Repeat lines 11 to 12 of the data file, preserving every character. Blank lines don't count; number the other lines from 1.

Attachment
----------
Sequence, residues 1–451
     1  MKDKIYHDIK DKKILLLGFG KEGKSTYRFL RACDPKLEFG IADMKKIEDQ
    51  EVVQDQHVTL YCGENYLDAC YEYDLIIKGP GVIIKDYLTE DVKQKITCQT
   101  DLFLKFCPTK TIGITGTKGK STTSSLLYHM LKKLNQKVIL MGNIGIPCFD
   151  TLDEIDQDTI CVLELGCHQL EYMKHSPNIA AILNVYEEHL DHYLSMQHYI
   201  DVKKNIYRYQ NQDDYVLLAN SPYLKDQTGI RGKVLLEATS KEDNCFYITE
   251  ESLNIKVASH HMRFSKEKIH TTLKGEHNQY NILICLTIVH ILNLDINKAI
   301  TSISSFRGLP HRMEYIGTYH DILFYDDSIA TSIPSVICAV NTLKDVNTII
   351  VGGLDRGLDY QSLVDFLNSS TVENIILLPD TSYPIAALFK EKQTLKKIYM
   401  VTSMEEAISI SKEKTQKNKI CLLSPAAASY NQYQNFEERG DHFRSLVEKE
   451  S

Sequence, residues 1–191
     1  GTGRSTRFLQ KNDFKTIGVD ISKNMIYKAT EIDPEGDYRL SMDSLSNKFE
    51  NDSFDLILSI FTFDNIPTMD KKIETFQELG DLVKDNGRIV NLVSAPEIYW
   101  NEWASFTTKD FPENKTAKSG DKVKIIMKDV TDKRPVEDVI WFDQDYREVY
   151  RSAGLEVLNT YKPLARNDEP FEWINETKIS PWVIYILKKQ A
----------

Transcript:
   451  S

Sequence, residues 1–191